I have recently been considering rolling an Inquisitor, and while I realize that an Inquisitor is not necessarily opposed to *all* magic, I am still somewhat worried about having one as a party leader from a roleplaying perspective.
I do intend to have mages in my party, most likely Xan and dual-classed Imoen in BG1, but a lot of the effective magic in the game(s) seems to be...Kind of evil, dishonourable and/or cruel. To use a few relatively low level spells as examples:
The mage's version of throwing sand in the opponent's eyes, but far more effective. Robbing someone of one of their most important senses for hours and then killing them while they're having trouble fighting back doesn't exactly seem like the domain of someone dedicated to truth, justice and the Tyrian way. (Or am I drifting into Tempus territory with rules of warfare here?)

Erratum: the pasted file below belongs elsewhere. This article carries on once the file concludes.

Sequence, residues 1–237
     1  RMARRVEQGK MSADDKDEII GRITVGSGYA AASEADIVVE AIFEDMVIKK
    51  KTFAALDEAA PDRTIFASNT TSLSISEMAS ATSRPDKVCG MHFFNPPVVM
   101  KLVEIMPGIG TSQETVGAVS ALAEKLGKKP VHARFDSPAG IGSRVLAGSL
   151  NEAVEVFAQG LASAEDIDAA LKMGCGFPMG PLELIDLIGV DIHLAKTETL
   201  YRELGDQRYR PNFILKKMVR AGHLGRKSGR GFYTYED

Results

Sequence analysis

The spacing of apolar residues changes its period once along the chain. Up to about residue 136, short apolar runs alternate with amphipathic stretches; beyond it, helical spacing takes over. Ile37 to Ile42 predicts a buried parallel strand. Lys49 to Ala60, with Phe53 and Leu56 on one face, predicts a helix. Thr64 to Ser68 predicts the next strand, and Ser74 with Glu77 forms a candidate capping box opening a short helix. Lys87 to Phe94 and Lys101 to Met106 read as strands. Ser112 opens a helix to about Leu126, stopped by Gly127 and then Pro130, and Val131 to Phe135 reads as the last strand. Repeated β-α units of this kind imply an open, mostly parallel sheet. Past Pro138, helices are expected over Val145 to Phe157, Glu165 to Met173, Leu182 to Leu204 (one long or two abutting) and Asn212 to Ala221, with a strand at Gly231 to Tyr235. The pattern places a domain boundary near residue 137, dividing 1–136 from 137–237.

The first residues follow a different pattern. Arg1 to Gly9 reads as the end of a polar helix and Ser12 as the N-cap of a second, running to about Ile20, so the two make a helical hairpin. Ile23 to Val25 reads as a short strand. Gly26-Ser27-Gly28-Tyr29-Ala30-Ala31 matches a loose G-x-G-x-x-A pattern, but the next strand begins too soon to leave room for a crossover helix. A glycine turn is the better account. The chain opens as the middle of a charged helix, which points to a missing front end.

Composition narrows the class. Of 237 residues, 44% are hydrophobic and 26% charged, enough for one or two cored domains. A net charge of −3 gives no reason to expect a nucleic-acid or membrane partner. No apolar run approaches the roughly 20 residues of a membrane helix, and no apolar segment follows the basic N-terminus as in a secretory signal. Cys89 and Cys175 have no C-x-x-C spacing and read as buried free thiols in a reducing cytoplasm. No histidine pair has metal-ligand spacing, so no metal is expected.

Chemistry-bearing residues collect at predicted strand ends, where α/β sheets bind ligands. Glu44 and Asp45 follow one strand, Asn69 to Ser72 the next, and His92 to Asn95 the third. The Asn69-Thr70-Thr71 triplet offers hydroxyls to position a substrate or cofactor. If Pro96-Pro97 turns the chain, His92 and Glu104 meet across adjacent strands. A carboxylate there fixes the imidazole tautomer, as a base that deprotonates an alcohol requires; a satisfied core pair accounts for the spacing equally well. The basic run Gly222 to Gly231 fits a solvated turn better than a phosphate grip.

Invades the mind of the target and manipulates it to do your bidding. Dishonourable as hell, and of grey morality at best even if used against evil enemies.
Melf's Acid Arrow:
Correct me if I am wrong, but isn't the use of poison kind of banned or heavily restricted for Good-aligned characters in P&P Dungeon's & Dragons? Using poison to win seems dishonourable, and the incredible agony Melf's Acid Arrow causes doesn't exactly seem benign, to say the least.
Stinking Cloud and Cloudkill:
There's a reason why we have the Geneva Protocol in our world. Using poison gas to win while you look at a webbed enemy dying in agony from a distance is not exactly the most righteous of paths.
Any thoughts on using such spells in a good-aligned party led by an Inquisitor (again, from an RP perspective), and if it would be viable to do a trilogy run without magic that my Inquisitor would see as distasteful at best?
How is magic treated in the P&P version of the game? I know that there's alignment restrictions on some weapons like the Dagger of Venom, but I've never heard anything about any magic being put under similar restrictions.